Many genes are heterochromatinized upon differentiation, and thus, regularly spaced nucleosomes are needed for higher order compaction. The ISWI-containing chromatin remodeling complex ACF1 is required for nucleosome assembly. In the meantime, centromeric chromatin is assembled by RSF1, while heterochromatin formation is regulated by NoRC; thus, rDNA repeats can be silenced [9092]. Deficiency in either Drosophila ISWI or BPTF leads to repressed histone H1 levels and a general male X chromosome decondensation [93, 94]. Therefore, ISWI-regulated histone H1 deposition and nucleosome spacing result in higher order chromatin structures and gene repression, which play an important role during the transition between the progenitor cell and the differentiated cell fate [95].

Taken together, ISWI complexes have been shown to have specific roles in cell proliferation, differentiation, or maturation (Table 1). SNF2H-containing ISWI complexes mainly participate in early development and progenitor cell proliferation, while the complexes containing SNF2L are mostly involved in cell differentiation and maturation.

3.3. CHD

Nine chromodomain helicase DNA-binding (CHD) proteins (CHD1-9), which can either function alone or cooperate with other proteins to form the complexes, constitute a CHD subfamily. Among them, different CHD complexes have distinct roles in early development and cell lineage differentiation.

CHD1 has been shown to be required for maintaining the self-renewal ability and pluripotency of embryonic stem cells [96, 97]. CHD1 was found to interact with RNA polymerases I/II to regulate the transcription of both rRNA and mRNA and maintain proper transcriptional output [98]. CHD1 is also involved in endothelial to hematopoietic transition (EHT), by which hematopoietic stem cells and progenitors derive from endothelial cells in various organs. However, CHD1 is not essential before or after hematopoietic stem cell and progenitor formation, and CHD1 functions to induce the high transcriptional output of hematopoietic progenitors only in a specific time window [99].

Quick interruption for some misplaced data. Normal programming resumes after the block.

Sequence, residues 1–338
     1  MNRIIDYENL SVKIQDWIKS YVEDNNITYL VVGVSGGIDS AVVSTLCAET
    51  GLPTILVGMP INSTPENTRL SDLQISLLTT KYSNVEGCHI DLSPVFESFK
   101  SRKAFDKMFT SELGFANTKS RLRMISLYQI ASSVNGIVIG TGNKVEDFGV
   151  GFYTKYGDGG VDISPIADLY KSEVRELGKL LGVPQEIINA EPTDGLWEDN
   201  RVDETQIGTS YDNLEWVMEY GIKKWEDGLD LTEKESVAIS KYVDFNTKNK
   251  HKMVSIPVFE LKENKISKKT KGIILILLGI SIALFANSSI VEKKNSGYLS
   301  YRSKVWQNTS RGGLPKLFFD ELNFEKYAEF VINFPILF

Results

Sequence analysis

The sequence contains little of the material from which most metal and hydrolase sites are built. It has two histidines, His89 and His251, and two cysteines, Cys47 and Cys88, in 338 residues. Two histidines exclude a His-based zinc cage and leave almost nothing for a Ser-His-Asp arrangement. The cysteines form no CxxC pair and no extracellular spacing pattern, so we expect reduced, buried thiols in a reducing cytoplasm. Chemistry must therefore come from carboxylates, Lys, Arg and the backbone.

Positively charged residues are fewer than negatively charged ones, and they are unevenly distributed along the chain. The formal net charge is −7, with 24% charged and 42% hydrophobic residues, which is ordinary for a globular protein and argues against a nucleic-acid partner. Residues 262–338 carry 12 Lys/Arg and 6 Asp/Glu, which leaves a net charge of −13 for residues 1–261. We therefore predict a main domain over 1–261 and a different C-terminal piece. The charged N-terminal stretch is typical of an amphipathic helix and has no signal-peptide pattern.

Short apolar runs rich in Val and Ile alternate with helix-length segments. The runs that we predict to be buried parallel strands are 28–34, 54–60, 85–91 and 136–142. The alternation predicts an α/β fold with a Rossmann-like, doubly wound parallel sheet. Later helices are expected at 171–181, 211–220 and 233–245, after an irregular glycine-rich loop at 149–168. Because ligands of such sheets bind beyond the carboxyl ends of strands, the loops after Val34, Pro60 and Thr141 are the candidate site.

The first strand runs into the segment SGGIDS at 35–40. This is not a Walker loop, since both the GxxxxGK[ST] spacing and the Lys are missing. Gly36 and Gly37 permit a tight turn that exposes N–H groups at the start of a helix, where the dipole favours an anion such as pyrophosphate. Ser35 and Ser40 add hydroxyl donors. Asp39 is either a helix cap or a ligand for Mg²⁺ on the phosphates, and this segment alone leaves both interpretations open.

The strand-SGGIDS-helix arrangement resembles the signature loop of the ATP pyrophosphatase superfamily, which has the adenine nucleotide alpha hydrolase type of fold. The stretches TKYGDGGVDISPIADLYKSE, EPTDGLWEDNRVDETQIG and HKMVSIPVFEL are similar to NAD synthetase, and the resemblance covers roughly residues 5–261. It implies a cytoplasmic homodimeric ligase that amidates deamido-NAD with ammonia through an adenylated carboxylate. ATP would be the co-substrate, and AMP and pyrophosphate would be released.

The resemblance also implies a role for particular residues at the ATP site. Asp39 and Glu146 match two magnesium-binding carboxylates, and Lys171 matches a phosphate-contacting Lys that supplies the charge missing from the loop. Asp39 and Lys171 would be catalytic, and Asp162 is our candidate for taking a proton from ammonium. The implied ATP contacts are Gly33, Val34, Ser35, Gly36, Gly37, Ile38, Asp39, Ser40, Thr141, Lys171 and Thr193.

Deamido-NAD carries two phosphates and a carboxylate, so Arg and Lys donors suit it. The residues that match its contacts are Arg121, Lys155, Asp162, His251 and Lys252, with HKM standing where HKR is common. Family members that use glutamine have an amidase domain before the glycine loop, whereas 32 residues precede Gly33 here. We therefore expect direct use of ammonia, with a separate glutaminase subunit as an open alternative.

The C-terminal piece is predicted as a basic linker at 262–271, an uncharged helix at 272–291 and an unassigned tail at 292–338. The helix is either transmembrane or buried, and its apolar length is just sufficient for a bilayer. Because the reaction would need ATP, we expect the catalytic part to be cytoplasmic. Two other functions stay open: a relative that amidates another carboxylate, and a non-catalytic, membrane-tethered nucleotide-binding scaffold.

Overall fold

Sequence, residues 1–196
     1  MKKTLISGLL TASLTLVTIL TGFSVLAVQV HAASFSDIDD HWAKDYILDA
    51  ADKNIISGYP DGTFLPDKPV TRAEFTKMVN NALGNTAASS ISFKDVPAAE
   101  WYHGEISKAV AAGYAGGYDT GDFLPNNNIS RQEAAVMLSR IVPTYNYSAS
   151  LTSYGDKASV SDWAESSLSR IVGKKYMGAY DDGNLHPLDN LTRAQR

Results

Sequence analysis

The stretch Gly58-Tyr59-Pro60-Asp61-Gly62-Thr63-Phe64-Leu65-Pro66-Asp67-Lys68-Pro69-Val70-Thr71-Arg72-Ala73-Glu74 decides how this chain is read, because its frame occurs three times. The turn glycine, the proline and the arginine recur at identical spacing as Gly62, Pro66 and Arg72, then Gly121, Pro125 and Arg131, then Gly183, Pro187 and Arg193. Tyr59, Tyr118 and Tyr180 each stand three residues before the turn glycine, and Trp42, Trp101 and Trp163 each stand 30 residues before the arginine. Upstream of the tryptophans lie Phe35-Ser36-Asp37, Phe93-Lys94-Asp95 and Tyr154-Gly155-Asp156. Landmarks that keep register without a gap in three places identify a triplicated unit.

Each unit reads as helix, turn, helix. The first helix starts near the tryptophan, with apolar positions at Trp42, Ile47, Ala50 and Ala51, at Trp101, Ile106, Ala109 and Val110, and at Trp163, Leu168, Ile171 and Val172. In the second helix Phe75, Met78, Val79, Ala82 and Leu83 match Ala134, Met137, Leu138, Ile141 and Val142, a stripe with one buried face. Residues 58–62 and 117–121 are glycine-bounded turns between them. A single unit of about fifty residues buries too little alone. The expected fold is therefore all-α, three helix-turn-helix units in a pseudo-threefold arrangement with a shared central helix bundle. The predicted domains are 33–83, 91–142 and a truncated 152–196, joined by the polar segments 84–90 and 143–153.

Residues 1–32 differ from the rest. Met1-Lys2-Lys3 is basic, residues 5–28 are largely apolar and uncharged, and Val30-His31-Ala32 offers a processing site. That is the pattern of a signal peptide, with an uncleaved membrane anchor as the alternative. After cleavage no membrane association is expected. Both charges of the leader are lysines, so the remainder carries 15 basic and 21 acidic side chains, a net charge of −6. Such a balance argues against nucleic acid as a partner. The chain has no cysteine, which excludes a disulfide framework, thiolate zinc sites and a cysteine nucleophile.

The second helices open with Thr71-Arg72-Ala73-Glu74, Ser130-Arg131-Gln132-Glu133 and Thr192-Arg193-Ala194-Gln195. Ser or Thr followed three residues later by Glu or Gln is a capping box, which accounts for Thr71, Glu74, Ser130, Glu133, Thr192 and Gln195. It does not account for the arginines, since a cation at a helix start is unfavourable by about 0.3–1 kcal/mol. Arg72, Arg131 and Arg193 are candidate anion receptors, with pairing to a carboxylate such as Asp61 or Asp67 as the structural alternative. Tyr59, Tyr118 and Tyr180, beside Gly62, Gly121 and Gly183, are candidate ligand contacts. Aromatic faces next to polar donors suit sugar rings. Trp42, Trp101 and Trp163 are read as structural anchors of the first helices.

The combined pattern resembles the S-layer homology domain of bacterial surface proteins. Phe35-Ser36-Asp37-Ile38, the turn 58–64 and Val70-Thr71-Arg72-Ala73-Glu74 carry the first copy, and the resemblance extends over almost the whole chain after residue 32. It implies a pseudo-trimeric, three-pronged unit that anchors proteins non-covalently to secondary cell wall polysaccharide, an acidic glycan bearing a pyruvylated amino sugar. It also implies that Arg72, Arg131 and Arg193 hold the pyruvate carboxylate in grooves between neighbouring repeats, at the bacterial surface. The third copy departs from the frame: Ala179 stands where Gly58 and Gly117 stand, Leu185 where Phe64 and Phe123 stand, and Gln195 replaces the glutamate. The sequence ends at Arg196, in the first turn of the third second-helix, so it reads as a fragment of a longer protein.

In the developing brain, the NuRD complex, which contains CHD4, is required for synapse formation [100]. This complex can compromise a set of developmentally downregulated genes in presynaptic granule neurons to drive synaptogenesis. However, CHD5 is involved in neuronal differentiation to inhibit nonneuronal lineage genes [101103]. In addition, CHD7 is essential for maintaining the quiescence of neural stem cells in adults by repressing a number of cell cycle activators and inducing Notch signaling [104]. Moreover, CHD7 is critical for neurogenesis during the morphogenesis of the inner ear [105]. In contrast, CHD8 is associated with autism spectrum disorder (ASD). By decreasing half the dose of Chd8 in neural progenitor cells, the neural developmental genes containing those ASD-related genes were downregulated [106].

CHD complexes also play an important role in heart development. A NuRD complex containing CHD3 or CHD4 is involved in the proliferation of cardiomyocytes by interacting with the transcription factor FOG2 [107]. Once the interaction between FOG2 and NuRD is impaired, it may lead to perinatal lethality because of a thin ventricular myocardium and defects in the atrial and ventricular septum. The FOG2-NuRD interaction maintains cardiomyocyte proliferation by inhibiting Cdkn1a, which is a cell cycle inhibitor gene. Therefore, the disruption phenotype in the FOG2-NuRD interaction can be rescued through Cdkn1a deletion. Furthermore, CHD7 is involved in transcription activity in various heart development processes. Chd7 mutant mice exhibited CHARGE syndrome in cardiac aspects [108, 109] while CHD7 mutations have been discovered in sporadic cases in congenital human heart defects [110].

In a well-established MSC model with the induction of osteoblast lineage differentiation, CHD1 is essential for osteogenesis by regulating the transcriptional program of osteoblast differentiation, specifically at later stages. Moreover, CHD1 depletion was shown to reduce the induction of lineage-specific genes in adipocyte differentiation, indicating that CHD1 has a more general role in regulating transcriptional programs related to MSC differentiation [111]. CHD7 is also important in osteogenic differentiation since the expression of CHD7 can be induced in MSCs under osteogenic induction medium conditions while CHD7 depletion in MSCs leads to the repression of several osteogenic transcription factors and decreased MSC osteogenesis capability [112]. ChIP analysis showed that CHD9 can bind to skeletal tissue-specific promoters expressed at different stages during osteoprogenitor differentiation. The interactions between CHD9 and the promoter regions involved in the osteogenic process demonstrate the importance of CHD9 in the transcription process in osteoprogenitor cells and its possible role in the MSC maturation direction [113115]. Another study indicated that nucleolar CHD9 acts as a ribosomal gene transcription regulator, which has also been implicated in cell fate and differentiation of MSCs [116].